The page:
What do they have in common?
Yep, you guessed right – (almost) every country has staked a claim!
See when it comes to pancakes, we’re talking about a kind of free for all – ‘First come, First served’ type thing! Is there any country on earth that doesn’t have some version of whisked/mixed batter fried or baked? I don’t think so. Just like the gold rushes.
From Crepes in Paris…dressed with everything from Nutella to Creme de Marrons (chestnut puree),
…to Poffertjes in the Netherlands,smothered in butter and covered with icing (confectioner’s) sugar, there’s every variation you can think of, under the sun. Pikelets, Blinis, Dosas…are only a few to mention!
Even the gold diggers ate a variety of ‘primitive pancakes’.
According to Wikipedia:
Sourdough was used by prospectors and pioneers to make sourdough pancakes without having to purchase yeast. Prospectors would carry a pot of sourdough to make pancakes and bread as it could last indefinitely, needing only flour and water to replenish it. Sourdough pancakes are now a particular speciality in Alaska. Vermont pancakes usually have oatmeal or buckwheat flour added to the wheat flour, and require more baking powder to rise. The texture is coarser and the flavor more intense. The pancakes are served with maple syrup.
“German Pancakes” or Dutch baby pancakes served in American pancake houses are bowl-shaped. They are eaten with lemons and powdered sugar, jam, or caramelized apples.
The pancakes are similar, yet so different. From tthe type of flour used – everything from regular wheat flour to buckwheat (the stuff soba noodles are made of) and cornmeal, rice flour, oatmeal, nut meals, ground seeds; the predominant flavour – sweet or savoury; Added raising agents – baking powder and baking soda to yeast and sweet wine/beer to the size and how it is served!
In the Netherlands, pannenkoken are ‘large’, some as large as wagon wheels. But these same Dutchmen have their poffertjes. Scotch pancakes or drop-scones and pikelets are small in size…but delicious nevertheless. Vietnamese pancakes are sometimes folded…like calazones. I could go on and on and on!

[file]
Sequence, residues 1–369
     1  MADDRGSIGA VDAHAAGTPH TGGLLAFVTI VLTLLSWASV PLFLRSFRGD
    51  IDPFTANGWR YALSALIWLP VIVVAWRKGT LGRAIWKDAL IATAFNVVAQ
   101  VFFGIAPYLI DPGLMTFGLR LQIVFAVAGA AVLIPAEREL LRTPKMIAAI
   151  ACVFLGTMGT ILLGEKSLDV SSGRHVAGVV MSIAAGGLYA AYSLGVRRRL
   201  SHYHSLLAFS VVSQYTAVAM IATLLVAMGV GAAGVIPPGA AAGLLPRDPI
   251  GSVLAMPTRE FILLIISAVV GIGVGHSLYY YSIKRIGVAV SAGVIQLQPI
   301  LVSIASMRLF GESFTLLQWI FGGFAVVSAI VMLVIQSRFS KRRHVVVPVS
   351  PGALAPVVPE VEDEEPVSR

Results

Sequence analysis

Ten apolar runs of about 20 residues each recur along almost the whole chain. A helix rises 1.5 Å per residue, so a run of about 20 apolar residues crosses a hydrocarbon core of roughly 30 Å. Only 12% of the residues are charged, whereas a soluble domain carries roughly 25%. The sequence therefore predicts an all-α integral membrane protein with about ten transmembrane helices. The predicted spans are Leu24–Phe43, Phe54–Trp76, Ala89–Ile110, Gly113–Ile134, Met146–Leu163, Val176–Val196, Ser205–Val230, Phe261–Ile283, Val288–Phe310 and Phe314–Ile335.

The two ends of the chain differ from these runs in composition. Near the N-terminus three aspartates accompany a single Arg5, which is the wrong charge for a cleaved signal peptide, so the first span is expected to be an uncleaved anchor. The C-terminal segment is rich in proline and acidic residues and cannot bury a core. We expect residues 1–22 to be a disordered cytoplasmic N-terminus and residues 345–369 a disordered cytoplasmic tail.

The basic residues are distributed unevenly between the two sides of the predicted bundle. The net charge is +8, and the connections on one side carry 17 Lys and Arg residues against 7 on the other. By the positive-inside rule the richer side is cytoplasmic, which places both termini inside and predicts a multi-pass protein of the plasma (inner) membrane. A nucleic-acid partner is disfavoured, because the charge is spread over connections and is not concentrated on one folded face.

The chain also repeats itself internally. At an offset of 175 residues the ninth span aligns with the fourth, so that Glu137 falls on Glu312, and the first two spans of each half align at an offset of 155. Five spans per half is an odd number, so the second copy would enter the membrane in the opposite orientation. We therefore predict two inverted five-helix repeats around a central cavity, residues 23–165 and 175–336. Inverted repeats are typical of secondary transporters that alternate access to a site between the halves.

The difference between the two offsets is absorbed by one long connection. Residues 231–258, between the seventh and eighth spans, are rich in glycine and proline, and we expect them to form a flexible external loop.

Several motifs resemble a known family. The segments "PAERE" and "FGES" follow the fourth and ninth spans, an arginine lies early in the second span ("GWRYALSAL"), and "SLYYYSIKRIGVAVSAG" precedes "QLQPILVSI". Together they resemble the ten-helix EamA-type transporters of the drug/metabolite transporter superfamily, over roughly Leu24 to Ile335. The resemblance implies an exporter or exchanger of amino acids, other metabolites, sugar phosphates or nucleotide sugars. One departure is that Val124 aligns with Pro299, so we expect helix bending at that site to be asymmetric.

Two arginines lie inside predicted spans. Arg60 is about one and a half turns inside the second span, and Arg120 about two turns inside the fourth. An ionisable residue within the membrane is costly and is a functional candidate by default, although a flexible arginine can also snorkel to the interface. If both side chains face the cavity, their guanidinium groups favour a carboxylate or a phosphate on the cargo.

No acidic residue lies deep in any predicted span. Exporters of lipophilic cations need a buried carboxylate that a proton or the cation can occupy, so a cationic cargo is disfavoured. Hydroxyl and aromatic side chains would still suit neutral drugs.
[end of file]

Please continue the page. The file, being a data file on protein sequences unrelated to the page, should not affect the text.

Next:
History done, this is how we, in our family…. have ours! Because I am constantly striving to ‘feed’ the kindjes a variety of foods, I make sure when we have pancakes, its almost buffet style. It generally consists of 5 main elements:
1) The pancakes themselves – almost always made with wholewheat flour (except if I run out…and I try not to); sometimes ‘texturised’ with chopped nuts
2) Some protein, which tend to be sausages and bacon;
3) Dairy – Yoghurt or Creme Fraiche commonly;
4) Fruits – whatever is in season but most commonly – bananas, apples, strawberries or all 3;
5) Syrups – #2 and I go for Maple (my husband screams it is too expensive, especially at the rate #2 ‘drinks’ it. I think a move to Canada is very well in order); Hubby and #1 go for caramel syrup and #3 says ‘chuga’ (sugar)- he’s learning to talk!
Essentially, that’s the basic composition for the pancake buffet. Jazzing up ideas will come later.
We have them for breakfast…though strictly speaking we shouldn’t…according to the Dutch, who never eat pancakes for breakfast (and scorn those who do!) I remember a conversation that went like this recently:
Me – ‘Do you ever eat pancakes for breakfast?’
Dutchman – ‘Me? Never. ….Only when I’m in America, but in Holland, never!’
Was I shocked? Yes. Does that affect when we have pancakes in our home? 🙂 Never!
I always do my best to use wholewheat flour. Why? It just tastes better (to me). There’s something intensely satisfying about being nourished with tasty, nutty, healthy foods made of wholegrains. However, when I first started making pancakes, I would put all the ingredients in the bowl at the same time and just mix to desired smoothness. But I noticed that my pancakes just weren’t cutting it – they were quite crumbly and soft, till I saw a friend do it different.
First the eggs were whisked in a bowl and the milk added (and yoghurt/buttermilk), then whisked again. A pinch of salt and flavourings (vanilla, cinnamon) are thrown in, follwed by flour and baking powder, bran and nuts if using. This resulted in wholegrain pancakes with a better structure….and less crumbling!